Florida education news: Policy makers, online learning, special needs and more
AGENDA SETTING: With so many retirements and resignations, the Florida Legislature will have new leadership overseeing education policy. The speculation begins.
ONLINE LEARNING: The Florida university system aims to have 40 percent of full-time undersgraduate students taking virtual courses by 2025, the News Service of Florida reports.
SPECIAL NEEDS: Some north Florida parents prepare to open a private school focusing on children with autism, the Northwest Florida Daily News reports.
CLEANUP: Indian River district officials look into outsourcing custodial services after finding the current staff isn't doing the job well, TC Palm reports.
STUDENT COUNT: Marion school enrollment nears pre-recession levels, the Ocala Star-Banner reports.
MAINTENANCE: Palm Beach schools struggle to maintain infrastructure that's surpassing its useful life, the Palm Beach Post reports.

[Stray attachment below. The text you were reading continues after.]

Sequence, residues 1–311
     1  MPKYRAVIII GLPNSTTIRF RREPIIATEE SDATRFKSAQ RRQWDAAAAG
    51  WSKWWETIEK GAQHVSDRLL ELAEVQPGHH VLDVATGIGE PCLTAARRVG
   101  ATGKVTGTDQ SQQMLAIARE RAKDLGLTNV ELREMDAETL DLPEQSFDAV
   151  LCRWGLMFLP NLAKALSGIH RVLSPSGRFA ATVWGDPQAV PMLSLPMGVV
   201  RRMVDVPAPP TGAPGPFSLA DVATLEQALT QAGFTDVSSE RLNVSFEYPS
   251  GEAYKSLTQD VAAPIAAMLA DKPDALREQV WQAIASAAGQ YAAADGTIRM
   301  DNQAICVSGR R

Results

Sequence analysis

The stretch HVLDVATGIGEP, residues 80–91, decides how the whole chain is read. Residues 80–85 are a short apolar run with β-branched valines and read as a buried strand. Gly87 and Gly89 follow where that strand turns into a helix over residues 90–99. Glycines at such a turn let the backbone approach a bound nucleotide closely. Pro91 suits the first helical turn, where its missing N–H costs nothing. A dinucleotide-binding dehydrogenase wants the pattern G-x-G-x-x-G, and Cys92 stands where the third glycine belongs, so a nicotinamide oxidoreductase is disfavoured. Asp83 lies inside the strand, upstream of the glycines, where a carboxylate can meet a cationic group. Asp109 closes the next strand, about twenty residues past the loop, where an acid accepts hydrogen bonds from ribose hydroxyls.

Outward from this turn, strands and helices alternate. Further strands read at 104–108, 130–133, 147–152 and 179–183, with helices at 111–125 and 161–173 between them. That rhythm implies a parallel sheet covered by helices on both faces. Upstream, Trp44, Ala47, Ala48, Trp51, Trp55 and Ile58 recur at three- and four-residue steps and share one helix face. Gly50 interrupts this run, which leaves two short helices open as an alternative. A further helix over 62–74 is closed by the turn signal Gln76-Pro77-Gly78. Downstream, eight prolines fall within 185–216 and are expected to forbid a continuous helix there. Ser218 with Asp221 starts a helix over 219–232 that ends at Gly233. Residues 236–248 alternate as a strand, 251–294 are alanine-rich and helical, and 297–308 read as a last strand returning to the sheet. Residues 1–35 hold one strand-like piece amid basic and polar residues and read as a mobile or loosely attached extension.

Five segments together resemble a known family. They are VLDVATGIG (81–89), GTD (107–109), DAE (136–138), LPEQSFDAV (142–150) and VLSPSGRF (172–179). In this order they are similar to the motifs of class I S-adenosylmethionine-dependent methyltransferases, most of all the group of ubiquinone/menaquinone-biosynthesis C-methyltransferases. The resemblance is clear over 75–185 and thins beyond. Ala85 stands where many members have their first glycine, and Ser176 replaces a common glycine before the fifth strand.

CAREER ACADEMIES: Escambia High School's early education career academy prepares students to work in preschools, the Pensacola News-Journal reports.
SUPERINTENDENT SEARCH: The Sarasota School Board reviews public input in advance of choosing its next superintendent, the Herald-Tribune reports.
OUT OF THIS WORLD: Some Palm Beach students get to talk to an astronaut on the interational space station, the Sun-Sentinel reports.
[NOTE: Sorry for running this news roundup so late, but we had technical problems most of today. We hope they are now over.]